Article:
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Member, Texas Tech University System The Princeton Review - 373 Best Colleges, 2011 Edition

Manage what your customers expect

June 22, 2014

I watched as the manager leaned in to speak with his employee who was answering the telephone. As the employee began to respond to the caller, the manager spoke softly, “Manage expectations.”

As the phone call progressed, it was evident the manager was coaching the employee how to be successful in providing all the information the caller would need prior to their arrival — managing expectations.

Managing expectations helps to maintain smooth transactions. As a former furniture store owner, we held true to the statement, “Under-promise and over-deliver.”

 

If we ordered a custom chair, we knew there was a good chance it would be delivered to us in four weeks, but we always said six weeks. The customers were always delighted when it arrived early.

Author Yaro Starak states that dealing with a client’s preconceptions is a way to manage their expectations, “What people expect is based on what has come before.”

The communication field refers to this as a frame of reference. In order to manage the outcome of a transaction, deliver the information and encourage responses. From these responses, you can discreetly play into what they know so both of you are working from the same set of expectations.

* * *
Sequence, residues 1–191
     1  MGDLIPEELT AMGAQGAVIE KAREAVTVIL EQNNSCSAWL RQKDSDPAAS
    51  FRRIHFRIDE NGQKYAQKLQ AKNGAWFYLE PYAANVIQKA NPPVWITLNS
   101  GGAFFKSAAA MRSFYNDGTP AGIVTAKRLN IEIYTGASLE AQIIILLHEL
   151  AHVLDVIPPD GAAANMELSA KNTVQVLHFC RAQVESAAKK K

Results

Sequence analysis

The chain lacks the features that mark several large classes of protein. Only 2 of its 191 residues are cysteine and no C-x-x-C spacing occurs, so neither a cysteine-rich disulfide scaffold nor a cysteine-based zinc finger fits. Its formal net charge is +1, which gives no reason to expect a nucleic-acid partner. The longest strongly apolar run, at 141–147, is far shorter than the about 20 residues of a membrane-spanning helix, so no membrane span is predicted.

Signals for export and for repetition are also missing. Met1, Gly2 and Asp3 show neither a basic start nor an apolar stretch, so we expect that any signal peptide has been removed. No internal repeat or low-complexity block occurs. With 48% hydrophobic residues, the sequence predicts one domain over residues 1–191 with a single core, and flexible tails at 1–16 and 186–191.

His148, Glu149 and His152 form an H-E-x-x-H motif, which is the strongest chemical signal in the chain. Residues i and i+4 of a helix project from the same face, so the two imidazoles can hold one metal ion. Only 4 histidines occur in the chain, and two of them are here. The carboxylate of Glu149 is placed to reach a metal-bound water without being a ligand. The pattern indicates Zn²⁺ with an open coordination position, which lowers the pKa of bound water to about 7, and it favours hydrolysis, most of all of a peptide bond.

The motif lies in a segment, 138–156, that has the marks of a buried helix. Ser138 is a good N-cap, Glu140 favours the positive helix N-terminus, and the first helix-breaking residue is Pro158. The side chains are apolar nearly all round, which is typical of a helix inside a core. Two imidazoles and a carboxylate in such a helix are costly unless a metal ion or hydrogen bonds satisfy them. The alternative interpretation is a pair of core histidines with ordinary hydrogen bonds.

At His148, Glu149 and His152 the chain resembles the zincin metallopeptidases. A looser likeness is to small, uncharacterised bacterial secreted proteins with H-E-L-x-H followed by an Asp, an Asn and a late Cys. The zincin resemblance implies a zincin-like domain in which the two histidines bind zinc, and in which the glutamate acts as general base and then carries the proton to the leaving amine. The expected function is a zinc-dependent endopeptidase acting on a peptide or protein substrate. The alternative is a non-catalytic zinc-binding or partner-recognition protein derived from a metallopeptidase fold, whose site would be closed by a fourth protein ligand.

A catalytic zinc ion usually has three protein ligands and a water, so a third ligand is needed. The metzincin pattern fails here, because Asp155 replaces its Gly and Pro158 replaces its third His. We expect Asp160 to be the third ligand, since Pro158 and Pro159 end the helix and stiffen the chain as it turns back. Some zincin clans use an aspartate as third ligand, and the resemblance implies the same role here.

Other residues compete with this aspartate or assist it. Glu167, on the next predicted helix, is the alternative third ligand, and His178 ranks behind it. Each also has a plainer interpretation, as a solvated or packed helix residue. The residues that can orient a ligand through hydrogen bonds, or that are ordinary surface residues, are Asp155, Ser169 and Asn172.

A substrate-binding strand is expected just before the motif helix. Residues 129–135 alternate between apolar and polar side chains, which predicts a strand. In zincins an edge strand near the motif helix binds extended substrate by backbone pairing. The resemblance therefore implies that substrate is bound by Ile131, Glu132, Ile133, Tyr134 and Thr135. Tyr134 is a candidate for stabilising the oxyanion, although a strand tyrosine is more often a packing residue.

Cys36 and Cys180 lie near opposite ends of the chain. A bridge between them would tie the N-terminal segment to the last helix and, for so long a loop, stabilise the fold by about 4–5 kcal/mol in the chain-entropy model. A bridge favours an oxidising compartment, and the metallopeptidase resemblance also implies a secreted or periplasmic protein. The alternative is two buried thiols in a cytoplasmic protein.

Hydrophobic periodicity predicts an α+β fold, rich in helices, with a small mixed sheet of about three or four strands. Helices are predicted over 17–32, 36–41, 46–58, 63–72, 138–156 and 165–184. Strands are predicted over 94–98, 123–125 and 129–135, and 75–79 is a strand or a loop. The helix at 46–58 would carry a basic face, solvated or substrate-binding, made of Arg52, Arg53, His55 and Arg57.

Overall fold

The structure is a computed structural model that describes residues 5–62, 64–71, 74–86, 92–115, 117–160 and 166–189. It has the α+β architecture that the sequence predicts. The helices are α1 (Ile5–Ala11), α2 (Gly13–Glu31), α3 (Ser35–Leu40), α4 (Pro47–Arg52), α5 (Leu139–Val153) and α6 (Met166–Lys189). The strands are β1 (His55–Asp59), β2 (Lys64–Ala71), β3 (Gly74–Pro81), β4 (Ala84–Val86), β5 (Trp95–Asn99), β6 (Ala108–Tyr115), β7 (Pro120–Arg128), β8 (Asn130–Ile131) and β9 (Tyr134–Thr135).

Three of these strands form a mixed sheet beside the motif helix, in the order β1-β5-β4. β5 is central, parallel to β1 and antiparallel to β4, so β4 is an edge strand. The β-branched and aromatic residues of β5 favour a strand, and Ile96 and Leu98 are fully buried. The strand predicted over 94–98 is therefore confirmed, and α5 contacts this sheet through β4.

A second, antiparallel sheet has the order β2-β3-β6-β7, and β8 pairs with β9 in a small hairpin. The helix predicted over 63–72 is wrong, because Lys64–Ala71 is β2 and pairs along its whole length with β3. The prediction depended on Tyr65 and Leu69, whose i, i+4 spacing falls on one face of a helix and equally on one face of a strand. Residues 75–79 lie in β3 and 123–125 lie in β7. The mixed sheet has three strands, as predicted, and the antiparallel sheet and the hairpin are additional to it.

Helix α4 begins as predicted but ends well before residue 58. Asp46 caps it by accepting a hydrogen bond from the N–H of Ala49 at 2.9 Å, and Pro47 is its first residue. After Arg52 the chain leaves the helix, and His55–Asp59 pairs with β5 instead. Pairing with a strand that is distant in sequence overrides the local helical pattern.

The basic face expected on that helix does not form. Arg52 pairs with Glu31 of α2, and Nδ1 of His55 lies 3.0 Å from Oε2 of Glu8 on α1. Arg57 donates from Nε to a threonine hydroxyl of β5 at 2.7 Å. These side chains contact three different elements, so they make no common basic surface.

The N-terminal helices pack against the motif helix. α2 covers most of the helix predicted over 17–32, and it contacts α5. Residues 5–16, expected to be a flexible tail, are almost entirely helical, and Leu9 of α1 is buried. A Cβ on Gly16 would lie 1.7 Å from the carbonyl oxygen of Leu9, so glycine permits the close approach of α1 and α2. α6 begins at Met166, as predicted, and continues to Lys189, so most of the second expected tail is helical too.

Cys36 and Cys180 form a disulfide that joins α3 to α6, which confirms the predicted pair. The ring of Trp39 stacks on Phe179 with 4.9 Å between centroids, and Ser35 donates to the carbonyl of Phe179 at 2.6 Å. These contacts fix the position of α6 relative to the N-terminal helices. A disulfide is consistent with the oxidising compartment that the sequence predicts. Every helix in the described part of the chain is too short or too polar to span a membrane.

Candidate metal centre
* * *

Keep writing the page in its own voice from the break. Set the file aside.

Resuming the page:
Recently such an incident happened to me. I had decided to purchase a certain item I had seen in the store. I called the store ahead of time and asked if I could come pick it up. The person who answered the phone said, “Sure.” When I got there, I learned the item had to be ordered!

If, during the first interaction, the salesman had said, “we always order items of this nature. It usually takes three weeks,” then we would have shared the same preconception.

Unfortunately, that same level of “not” managing expectations continued. The result is simply this; I won’t trade with this particular business in the future.

As with anything, being overly managing can have a negative result as well. Starak offers this, “All you need to do is know enough and explain enough to keep customers happy … meet whatever goal you have know what is ‘enough’ for your own needs. In other words, manage your own expectations before you begin managing those of others.”

Sounds like good advice for me as well.

The Angelo State University Small Business Development Center is here to help you work through techniques to manage expectations. Call on us.

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    Peggy Hodges Rosser, Certified Business Advisor IV & Rural Business Manager

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